If Kennedy had assented to his generals’ constant pressure to invade Cuba, the higher-than-known Soviet troop numbers would likely have made the landing and ground war much more difficult to win. This, in turn, would have created even greater pressure on Kennedy to escalate in order to avoid a politically devastating defeat. Such escalation would have then probably driven the Cubans and Soviets to use some of these nuclear weapons against invading forces. According to Soviet archives, Khrushchev did not initially comprehend that this would cause the U.S. to escalate to general nuclear war.
“We don’t need to speculate what would have happened,” McNamara declared when he finally learned—in 1992—about the Soviet deployment of tactical nuclear weapons to Cuba. “It would have been an absolute disaster for the world.”
In the 55 years since the Cuban Missile Crisis, America’s technical capabilities to gather intelligence have improved breathtakingly. Still, it’s extremely difficult to know how foreign adversaries perceive their situation and calculate their moves, especially when key targets of intelligence do not reveal their inner thoughts in phone calls, texts, and emails that can be intercepted.
The U.S. and other governments know that North Korea has nuclear weapons that work. The number is uncertain; estimates run from 15 to 60. North Korea has tested a variety of missiles whose ranges extend from 50 to 8,000 miles. (Pyongyang, the capital of North Korea, is 120 miles from Seoul, the capital of South Korea. Washington is about 6,750 miles from Pyongyang.) The reliabilities of the various missile types, again, are uncertain. Outsiders, as well as Kim himself, cannot know whether nuclear warheads mounted on longer-range missiles would detonate as planned.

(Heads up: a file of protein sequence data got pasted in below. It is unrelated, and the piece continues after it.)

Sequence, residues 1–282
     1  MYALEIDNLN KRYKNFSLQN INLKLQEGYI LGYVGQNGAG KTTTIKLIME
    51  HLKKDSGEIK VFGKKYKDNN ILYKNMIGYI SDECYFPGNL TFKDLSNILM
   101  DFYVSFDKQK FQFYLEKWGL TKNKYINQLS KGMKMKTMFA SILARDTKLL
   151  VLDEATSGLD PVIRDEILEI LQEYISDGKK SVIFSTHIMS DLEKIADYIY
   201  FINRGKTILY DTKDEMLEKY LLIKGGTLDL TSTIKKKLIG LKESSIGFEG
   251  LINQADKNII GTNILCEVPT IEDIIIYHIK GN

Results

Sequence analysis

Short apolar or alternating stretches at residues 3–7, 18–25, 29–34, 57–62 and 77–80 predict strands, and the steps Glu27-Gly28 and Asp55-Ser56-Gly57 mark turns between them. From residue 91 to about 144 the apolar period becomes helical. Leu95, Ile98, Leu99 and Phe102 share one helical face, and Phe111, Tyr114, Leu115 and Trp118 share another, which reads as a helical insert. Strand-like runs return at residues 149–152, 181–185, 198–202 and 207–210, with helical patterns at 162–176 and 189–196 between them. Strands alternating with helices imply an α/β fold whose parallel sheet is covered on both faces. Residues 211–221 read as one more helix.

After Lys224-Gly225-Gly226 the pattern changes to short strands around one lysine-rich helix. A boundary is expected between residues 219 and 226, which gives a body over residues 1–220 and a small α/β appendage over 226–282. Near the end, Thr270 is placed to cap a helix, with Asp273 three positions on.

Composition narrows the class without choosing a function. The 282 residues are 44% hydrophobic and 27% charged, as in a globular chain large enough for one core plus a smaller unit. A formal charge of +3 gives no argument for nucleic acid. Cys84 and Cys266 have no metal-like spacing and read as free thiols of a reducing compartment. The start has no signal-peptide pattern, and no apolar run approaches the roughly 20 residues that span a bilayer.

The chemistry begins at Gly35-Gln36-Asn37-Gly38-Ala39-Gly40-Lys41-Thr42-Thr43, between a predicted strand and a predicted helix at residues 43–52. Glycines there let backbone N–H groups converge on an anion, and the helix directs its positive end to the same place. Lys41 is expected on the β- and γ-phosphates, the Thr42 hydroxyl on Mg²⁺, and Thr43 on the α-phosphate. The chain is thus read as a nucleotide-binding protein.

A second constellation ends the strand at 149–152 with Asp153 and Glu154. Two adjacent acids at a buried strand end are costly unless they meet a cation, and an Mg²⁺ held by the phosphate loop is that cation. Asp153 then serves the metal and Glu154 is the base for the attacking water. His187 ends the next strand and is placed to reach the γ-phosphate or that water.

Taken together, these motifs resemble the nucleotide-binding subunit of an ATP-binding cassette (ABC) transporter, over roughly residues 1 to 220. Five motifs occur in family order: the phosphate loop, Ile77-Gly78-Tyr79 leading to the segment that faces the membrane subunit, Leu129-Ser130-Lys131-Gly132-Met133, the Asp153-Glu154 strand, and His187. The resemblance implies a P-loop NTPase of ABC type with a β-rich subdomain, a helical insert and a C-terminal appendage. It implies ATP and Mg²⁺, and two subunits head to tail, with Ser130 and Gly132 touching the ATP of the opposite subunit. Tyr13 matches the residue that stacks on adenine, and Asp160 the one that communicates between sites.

Similar uncertainties apply to the effectiveness of the ballistic missile defenses that the U.S. has deployed in Alaska to knock out North Korea’s long-range missiles. Such defenses have not been tested in wartime conditions. Last October, Trump told Fox News’s Sean Hannity, “We have missiles that can knock out a missile in the air 97 percent of the time.” Experts debunked this claim and the Pentagon did not defend it. But if the president believes it, or the North Koreans believe he believes it, then the risk of nuclear conflict could be greater than it should otherwise be. The president could be emboldened to strike North Korea, believing that missile defenses would limit North Korea’s retaliation. Kim could back down for the same reason, or, more likely, he could be motivated to expand his nuclear arsenal and delivery options so that he would have more confidence in being able to retaliate against Trump.
Prior to talk of a summit, the Trump administration had been contemplating and preparing for strikes against North Korean military facilities if North Korea were to conduct another test of an ICBM or a nuclear weapon. The idea, according to credible reports, was not to undertake or signal a war to remove the North Korean regime, but rather to demonstrate America’s seriousness and capacity to compel Kim to stop such provocations. If the North Koreans respond to the summit’s cancelation by flexing their nuclear or missile capabilities, the White House will feel pressed to push back. Advocates of such military action seem to presume that the North Korean leadership and all the officers dispersed under their command would correctly interpret the limited threat that Trump would be signaling and would not respond militarily in ways that would compel Trump to one-up the North.